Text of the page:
Aged Human Skin is More Susceptible than Young Skin to Accumulate Advanced Glycoxidation Products Induced by Sun Exposure
Pageon H*, Poumès-Ballihaut C, Zucchi H,Bastien P, Tancrede E and Asselineau D
L’Oréal Research & Innovation, Aulnay-sous-bois, France
- *Corresponding Author:
- Pageon H
L’Oréal Research & Innovation
1 Avenue Eugène Schueller 93600
E-mail: [email protected]
Received date: November 08, 2013; Accepted date: November 18, 2013; Published date: November 25, 2013
Citation: Pageon H, Poumès-Ballihaut C, Zucchi H, Bastien P, Tancrede E, Asselineau D (2013) Aged Human Skin is More Susceptible than Young Skin to Accumulate Advanced Glycoxidation Products Induced by Sun Exposure. Aging Sci 1:112. doi:10.4172/2329-8847.1000112
Copyright: © 2013 Pageon H, et al. This is an open-access article distributed under the terms of the Creative Commons Attribution License, which permits unrestricted use, distribution, and reproduction in any medium, provided the original author and source are credited.
Background: Skin aging is the result of intrinsic and extrinsic phenomena. Among the factors involved in skin aging, the glycation reaction and the formation of advanced glycation end-products (AGEs) is an important element. AGEs such as carboxy-methyl-lysine (CML) and pentosidine, are formed by an oxidative process, and often referred to as glycoxidation products. AGEs have been reported to accumulate during chronological aging but sun exposure has also been shown to contribute to this accumulation likely through induction of an oxidative environment. The purpose of this study was to investigate the accumulation of AGEs in human skin and, more specifically, CML and pentosidine, both of which are generated by oxidative pathways.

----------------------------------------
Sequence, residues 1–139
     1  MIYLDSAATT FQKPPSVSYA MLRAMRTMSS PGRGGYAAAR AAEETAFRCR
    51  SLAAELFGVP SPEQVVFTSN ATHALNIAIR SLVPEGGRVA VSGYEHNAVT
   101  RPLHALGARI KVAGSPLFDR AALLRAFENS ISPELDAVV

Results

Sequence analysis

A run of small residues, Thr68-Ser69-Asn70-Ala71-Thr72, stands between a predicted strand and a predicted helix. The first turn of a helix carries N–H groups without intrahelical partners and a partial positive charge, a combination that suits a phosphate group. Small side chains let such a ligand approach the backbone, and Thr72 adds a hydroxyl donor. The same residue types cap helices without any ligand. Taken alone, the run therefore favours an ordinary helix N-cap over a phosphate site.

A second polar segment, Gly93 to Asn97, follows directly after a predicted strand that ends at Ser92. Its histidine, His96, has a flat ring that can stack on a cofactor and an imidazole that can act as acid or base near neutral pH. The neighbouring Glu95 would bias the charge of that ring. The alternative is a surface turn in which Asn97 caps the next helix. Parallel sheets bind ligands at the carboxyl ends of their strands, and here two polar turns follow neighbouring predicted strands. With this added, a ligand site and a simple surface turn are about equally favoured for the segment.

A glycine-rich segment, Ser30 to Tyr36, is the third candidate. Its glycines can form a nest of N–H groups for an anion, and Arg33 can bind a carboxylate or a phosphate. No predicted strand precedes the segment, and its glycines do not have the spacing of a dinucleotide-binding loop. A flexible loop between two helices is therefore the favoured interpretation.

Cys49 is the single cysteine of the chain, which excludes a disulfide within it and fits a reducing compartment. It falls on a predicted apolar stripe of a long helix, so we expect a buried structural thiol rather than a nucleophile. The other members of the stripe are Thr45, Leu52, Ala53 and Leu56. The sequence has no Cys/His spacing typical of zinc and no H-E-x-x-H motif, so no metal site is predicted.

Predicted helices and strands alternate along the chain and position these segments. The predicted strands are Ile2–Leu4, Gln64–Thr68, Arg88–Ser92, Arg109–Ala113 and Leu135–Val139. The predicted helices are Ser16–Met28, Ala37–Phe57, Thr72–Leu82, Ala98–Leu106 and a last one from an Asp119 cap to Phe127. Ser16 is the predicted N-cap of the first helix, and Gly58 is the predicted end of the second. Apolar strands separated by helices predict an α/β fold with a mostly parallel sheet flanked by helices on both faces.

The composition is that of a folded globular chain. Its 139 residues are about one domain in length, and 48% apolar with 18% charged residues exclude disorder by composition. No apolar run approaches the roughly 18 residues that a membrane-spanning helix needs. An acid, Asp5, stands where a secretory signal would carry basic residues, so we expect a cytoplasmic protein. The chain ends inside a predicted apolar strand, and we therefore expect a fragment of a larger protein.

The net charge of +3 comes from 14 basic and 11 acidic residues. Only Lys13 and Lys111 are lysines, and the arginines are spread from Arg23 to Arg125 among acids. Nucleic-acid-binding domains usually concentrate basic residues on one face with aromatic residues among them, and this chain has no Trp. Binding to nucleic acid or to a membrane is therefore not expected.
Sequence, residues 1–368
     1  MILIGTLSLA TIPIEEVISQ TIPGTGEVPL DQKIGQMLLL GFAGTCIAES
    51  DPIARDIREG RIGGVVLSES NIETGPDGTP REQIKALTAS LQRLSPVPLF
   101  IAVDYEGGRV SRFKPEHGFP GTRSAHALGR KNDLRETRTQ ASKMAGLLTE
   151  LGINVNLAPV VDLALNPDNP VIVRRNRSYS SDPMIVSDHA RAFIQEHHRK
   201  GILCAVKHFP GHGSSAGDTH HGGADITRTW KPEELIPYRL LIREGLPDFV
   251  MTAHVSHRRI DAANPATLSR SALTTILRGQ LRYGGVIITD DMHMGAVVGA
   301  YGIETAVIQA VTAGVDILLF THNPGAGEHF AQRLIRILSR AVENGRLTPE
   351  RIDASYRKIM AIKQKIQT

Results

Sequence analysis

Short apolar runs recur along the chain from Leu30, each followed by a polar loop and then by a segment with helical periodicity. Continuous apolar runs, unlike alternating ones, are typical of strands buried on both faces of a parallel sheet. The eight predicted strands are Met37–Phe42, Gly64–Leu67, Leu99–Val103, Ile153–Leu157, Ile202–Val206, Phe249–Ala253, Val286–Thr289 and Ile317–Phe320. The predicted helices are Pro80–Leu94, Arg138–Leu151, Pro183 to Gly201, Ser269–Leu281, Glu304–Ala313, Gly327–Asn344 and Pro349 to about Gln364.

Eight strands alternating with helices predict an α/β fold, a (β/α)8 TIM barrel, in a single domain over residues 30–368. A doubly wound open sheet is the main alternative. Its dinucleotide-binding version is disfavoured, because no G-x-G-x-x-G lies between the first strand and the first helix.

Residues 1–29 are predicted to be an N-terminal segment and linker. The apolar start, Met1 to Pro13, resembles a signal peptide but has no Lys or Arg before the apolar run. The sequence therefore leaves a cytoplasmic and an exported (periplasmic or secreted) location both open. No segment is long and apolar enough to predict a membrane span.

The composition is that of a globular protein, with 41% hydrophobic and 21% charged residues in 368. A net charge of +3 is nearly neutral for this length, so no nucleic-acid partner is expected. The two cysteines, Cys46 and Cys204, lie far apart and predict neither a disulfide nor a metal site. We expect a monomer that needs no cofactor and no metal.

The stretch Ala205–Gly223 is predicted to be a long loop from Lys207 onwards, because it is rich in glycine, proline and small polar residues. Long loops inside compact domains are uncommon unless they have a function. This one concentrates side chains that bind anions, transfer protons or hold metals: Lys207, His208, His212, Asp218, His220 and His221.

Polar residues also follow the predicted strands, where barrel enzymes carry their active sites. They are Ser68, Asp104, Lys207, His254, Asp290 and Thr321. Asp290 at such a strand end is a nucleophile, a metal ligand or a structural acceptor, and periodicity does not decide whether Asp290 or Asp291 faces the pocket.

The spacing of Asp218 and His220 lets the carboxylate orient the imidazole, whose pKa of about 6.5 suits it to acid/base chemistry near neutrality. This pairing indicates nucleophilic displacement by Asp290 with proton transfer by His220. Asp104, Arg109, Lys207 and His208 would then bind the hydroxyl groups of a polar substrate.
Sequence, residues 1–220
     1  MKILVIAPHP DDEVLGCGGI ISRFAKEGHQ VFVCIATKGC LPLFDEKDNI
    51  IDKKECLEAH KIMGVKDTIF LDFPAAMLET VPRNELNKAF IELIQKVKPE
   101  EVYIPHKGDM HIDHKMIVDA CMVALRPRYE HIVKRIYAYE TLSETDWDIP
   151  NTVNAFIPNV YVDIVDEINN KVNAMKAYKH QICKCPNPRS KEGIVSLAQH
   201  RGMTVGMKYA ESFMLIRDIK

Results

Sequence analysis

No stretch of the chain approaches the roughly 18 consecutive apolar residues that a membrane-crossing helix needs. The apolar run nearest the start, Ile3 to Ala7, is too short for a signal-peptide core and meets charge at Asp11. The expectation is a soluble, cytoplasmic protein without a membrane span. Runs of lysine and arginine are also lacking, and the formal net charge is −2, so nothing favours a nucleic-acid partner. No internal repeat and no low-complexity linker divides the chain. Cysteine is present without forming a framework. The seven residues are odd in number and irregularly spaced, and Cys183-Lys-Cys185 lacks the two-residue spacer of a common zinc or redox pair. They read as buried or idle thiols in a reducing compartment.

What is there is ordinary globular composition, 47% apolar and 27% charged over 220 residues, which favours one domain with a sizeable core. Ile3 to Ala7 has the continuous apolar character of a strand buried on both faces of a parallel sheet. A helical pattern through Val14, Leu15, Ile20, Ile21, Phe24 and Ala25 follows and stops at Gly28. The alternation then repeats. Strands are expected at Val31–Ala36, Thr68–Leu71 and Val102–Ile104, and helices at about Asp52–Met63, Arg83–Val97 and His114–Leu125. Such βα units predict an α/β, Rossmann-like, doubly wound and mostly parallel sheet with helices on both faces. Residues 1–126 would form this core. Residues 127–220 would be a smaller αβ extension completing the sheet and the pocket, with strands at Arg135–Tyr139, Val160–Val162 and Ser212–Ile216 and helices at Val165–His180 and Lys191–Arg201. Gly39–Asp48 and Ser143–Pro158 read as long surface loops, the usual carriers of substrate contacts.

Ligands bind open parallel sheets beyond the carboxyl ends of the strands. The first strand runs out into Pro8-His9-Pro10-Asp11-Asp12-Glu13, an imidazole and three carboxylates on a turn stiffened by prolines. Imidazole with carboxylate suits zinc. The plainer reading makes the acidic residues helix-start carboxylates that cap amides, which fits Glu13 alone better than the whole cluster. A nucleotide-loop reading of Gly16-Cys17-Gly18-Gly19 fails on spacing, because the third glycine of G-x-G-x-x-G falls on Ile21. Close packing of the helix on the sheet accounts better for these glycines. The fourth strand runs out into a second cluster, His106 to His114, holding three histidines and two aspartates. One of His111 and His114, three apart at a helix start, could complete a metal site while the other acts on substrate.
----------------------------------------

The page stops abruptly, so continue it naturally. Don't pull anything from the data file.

Methods: CML and pentosidine immunolabelling were investigated in skin samples from both non photoexposed (sun protected) and photo-exposed (sun exposed) sites from donors of two different age groups (18-25 years and 70-75 years).
Results: Results demonstrate CML and pentosidine accumulation in sun-exposed skin especially in the aged group. A vicious circle is envisioned in which the presence of AGEs in a tissue accelerates the formation of additional glycoxidation products following UV-exposure.
Conclusion: The damaging effects of UV radiation might be more detrimental in aged skin than in young skin due, in part, to an increased accumulation of AGEs and, in turn, the exacerbation of alterations caused by chronological aging.